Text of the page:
supply. (2) In case of certain hard minerals, the United States is
dependent upon foreign sources of supply and the acquisition of
such minerals from foreign sources is a significant factor in the
national balance-of-payments posi- tion. (3) The present and future
national interest of the United States re- quires the availability
of hard mineral resources, which is independent of the export
policies of foreign nations ... (5) The nations of the world, in-
cluding the United States, will benefit if the hard mineral
resources of the deep seabed beyond limits of national jurisdiction
can be developed and made available for their use."
Initially, the Nixon Administration took a position strongly in fa-
vor of the CHM in the Law of the Sea negotiations. Largely for na-
tional security reasons, they supported the Law of the Sea because
it furthered key national interests such as free and open access to
the commons. But as the nation-states of the developing world
South)33 continued to expand the obligations entailed in the
principle, the Nixon Administration qualified its endorsement. In
broadening of the CHM principle to include large-scale north-south
technology transfers and the South's demand for a large
Economic Zone ("EEZ")34 may have weakened the support for the
principle among several policy makers.
In 1970, President Nixon articulated a "firm" policy on the sea-
bed.3 Nixon proposed a three-level system in which the coastal
state would possess total control over seabed resources within the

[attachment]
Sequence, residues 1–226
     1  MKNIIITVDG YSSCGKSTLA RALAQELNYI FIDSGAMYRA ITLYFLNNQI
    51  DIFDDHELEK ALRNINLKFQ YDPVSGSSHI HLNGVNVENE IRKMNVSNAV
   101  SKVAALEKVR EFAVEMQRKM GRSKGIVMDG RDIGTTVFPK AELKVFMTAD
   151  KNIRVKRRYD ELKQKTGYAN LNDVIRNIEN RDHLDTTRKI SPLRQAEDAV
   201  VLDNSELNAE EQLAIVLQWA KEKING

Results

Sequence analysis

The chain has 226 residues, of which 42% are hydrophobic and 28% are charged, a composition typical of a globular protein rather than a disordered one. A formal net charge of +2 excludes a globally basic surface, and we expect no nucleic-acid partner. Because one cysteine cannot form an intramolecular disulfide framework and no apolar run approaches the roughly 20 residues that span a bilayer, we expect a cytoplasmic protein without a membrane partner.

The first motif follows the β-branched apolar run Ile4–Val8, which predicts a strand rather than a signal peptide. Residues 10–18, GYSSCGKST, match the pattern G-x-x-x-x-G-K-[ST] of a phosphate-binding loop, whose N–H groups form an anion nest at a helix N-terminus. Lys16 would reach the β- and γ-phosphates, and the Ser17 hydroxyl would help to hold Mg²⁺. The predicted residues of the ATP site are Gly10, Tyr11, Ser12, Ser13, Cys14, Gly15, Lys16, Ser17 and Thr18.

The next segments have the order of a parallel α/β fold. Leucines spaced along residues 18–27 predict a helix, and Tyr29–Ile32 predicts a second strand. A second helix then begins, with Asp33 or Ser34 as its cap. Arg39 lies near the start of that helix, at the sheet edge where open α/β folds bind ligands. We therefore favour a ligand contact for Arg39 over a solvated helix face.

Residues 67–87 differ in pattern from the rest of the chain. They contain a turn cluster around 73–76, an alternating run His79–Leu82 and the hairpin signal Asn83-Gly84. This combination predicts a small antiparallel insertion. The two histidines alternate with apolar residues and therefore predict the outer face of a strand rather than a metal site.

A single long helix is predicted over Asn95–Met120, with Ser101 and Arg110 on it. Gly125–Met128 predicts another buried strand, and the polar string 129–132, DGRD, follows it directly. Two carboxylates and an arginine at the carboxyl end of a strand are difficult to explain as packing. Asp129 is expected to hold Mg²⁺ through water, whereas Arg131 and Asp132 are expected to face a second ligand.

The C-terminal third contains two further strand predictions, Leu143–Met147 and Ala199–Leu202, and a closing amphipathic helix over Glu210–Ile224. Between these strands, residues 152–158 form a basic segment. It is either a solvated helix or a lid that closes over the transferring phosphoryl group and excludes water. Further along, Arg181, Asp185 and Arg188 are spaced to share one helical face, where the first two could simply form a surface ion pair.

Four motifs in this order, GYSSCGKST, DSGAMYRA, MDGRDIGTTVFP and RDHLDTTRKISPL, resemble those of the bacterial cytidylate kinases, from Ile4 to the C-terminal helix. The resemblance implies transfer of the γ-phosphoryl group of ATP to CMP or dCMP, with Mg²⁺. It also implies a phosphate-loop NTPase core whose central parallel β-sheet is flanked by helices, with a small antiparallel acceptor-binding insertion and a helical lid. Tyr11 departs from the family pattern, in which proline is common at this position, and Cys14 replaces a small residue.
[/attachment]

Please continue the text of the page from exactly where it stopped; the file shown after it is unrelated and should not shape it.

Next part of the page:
meter depth line. Most significantly, Nixon declared the resources
beyond this point to be the common heritage of mankind." The
32. 30 U.S.C. 1401 2(a) 1-3, 5 (1980).
33. The developing world, consisting of much of Africa, Latin
America and Asia, is sometimes referred to as the 'Third World' or
sometimes as "the South"- the latter alluding to the hemispheric
location of most developing countries.
34. The Exclusive Economic Zone (EEZ) is an area beyond and
adjacent to the territorial sea (not extending beyond 200 nautical
miles from the baselines from which the breadth of the territorial
sea is measured) over which the coastal state enjoys certain
sovereign rights and jurisdiction. See generally, HENKIN, supra
note 1, at 1288-1296.
35. See BARRY BUZAN, SEABED POLITICS, 104 (1976). (setting out
Nixon's "landmark" policy statement).
36. See id. at 104.
984 [ 15:975
2000] INTERNATIONAL LAi OF THE GLOBAL COMMONS
between the 200-meter line and the edge of the continental margin
would be treated as an international trusteeship zone. In this
zone, the coastal states would retain many of their powers, but
they would also have to share revenues from the zone with the
international sea- bed authority. 7 This authority would possess
exclusive jurisdiction over the seabed beyond the margin."x The
President further proposed that pending the establishment of such
an international regime, coastal states should retain the right to
grant permits for exploitation beyond the 200-meter depth line. 9
Any revenue derived by states from the exploitation beyond 200
meters during this interim period would be given to an appropriate
agency for assistance to developing countries."
The American proposal thus emphasized the exploitation of re-
sources and it favored establishing fixed boundaries before
defining the regime and machinery.4 The United States also
attempted to cir- cumvent the moratorium resolution through a
The Nixon Administration followed the presidential initiative with
a proposal to the Seabed Committee on August 3, 1970 that con-
tained strong support for the CHM. The Nixon proposal included
substantially generous provisions that sought to give effect to the
common heritage. It was understood that the advanced state of oil
exploitation off American coasts meant that the United States would
provide much of the shared revenue from exploitation."
Thus, the United States sought to demonstrate leadership on the is-
sue of a seabed regime by proposing a 'declaration of principles'
which was consistent with President Johnson's view that the "deep
seas and the ocean bottom are, and remain the legacy of all
37. See id.
38. See id.
39. See id.